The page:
October! Herald of the longed-for sun.
October! Will behind the rebellious years.
October! Work, joy and song.
October! Happiness in the fields and the hum of machines.
— Alexander Bezymensky, trans. Richard Bannerman
A happy Monday, and a happy first full week of October, to one and all. The revolutionary spirit of Bezymensky’s lines above (from the choral finale of Shostakovich’s Symphony No. 2) is perhaps not an ideologically appropriate accompaniment to the advancing fall season in this our darkening northern hemisphere. Nonetheless I hope it reflects a certain optimism felt in each of us as the summer recedes into history.
This week in Shostakovich: I intend to break up my pattern so far for Shostakovich’s last completed opera, Lady Macbeth of the Mtsensk District. Despite the absurdity of giving roughly as much mental space to a four-minute student work as to a two-plus-hour ballet score, I’ve been happy with writing one post per opus, both for my listening experience and for my efforts to get my thoughts, such as they are, onto the screen and move along. For just a couple of works, though, I can’t contemplate writing about them without thinking of several aspects of them that I’d like to try to cover, and I want to give myself time and room to try to do so. The opera is one; the Symphony No. 10, composed in a still distant 1953, is another. The Symphony No. 13 might be a third but it’s way off in the triple-digit opus-number range so I can work that out in a few months.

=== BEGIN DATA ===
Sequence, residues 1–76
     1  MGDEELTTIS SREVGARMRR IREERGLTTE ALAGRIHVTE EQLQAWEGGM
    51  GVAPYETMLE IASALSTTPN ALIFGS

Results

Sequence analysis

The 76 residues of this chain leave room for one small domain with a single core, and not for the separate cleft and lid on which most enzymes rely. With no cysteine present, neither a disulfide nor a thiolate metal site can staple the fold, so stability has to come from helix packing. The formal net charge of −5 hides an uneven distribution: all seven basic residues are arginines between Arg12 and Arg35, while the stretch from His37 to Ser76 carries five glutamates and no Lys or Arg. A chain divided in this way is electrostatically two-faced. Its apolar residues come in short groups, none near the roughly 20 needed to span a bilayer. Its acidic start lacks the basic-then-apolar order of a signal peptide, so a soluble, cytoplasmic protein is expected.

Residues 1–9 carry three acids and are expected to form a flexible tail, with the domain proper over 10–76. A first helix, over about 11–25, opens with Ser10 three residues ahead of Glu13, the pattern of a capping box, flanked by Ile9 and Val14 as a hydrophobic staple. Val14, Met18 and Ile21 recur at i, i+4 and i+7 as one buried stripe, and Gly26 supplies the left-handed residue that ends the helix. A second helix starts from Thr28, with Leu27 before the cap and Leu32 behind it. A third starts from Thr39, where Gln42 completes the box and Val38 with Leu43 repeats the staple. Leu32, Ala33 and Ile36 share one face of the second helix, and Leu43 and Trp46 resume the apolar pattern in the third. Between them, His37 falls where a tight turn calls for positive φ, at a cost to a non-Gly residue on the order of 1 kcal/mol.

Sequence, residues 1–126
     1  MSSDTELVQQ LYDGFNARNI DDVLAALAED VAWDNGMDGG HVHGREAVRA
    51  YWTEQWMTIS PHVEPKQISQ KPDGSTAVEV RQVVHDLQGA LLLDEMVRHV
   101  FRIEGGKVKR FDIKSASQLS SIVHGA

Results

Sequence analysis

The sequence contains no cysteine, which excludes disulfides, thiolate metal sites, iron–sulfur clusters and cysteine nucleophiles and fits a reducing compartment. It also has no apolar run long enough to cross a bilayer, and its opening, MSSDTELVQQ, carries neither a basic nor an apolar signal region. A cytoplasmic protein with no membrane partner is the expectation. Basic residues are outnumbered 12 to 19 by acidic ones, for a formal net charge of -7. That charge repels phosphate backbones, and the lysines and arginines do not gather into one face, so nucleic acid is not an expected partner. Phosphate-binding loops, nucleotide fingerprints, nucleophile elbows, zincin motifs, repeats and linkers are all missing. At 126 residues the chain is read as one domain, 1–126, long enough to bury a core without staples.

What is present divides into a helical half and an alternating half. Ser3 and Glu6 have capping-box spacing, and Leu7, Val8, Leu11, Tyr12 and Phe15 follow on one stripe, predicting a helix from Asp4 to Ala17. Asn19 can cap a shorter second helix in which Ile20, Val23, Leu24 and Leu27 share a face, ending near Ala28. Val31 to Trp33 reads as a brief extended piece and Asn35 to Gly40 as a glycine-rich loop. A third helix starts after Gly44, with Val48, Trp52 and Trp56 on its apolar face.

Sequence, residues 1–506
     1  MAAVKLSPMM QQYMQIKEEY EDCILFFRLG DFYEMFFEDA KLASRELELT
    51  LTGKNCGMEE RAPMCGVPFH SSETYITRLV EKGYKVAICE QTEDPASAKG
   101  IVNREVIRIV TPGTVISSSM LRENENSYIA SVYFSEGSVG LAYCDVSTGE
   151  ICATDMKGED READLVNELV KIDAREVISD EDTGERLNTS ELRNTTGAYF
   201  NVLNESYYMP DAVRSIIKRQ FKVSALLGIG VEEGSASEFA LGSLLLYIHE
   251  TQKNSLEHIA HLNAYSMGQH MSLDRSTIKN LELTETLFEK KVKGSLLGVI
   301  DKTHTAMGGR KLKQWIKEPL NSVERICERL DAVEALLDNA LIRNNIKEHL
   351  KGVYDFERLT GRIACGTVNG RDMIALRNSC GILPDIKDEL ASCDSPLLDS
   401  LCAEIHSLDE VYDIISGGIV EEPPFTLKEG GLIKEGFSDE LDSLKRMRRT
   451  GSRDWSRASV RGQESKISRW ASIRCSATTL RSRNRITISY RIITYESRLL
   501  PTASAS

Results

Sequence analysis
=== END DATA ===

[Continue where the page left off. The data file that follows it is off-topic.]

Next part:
Lady Macbeth looms at opus 29, though, and I’m going to drag my heels on it and give it all of next week. For this week that leaves another ballet, The Bolt, op. 27, and the incidental music for Rule, Britannia!, op. 28. To fill that out, I’d like to pick an early work of Sergei Prokofiev’s and give it a similar treatment to the Shostakovich works: Early in planning this project I came across this article by Stephen Walsh about a recent retrospective of Mieczyslaw Weinberg’s music in Bregenz, which helps make a case that more Soviet music ought to see the light of day, rather than being written off as tedious, stylistically backwards, overly propagandistic music while Shostakovich is taken as the be-all-end-all of the USSR’s classical music culture. In that spirit I want to touch on a few of Shostakovich’s contemporaries as I go. Prokofiev feels a bit like an obvious and unnecessary choice — unlike Weinberg and some others I’d like to cover over time, he’s famous enough in the West already — but his early work is a clear influence on the young Shostakovich and, as a composer who left Russia at the time of the 1917 revolution and returned in time for the terror of the 1930s his career certainly plays into non-Shostakovich goings-on in Soviet music.
Beyond that I plan to take a day to get the working list of Shostakovich works onto the blog.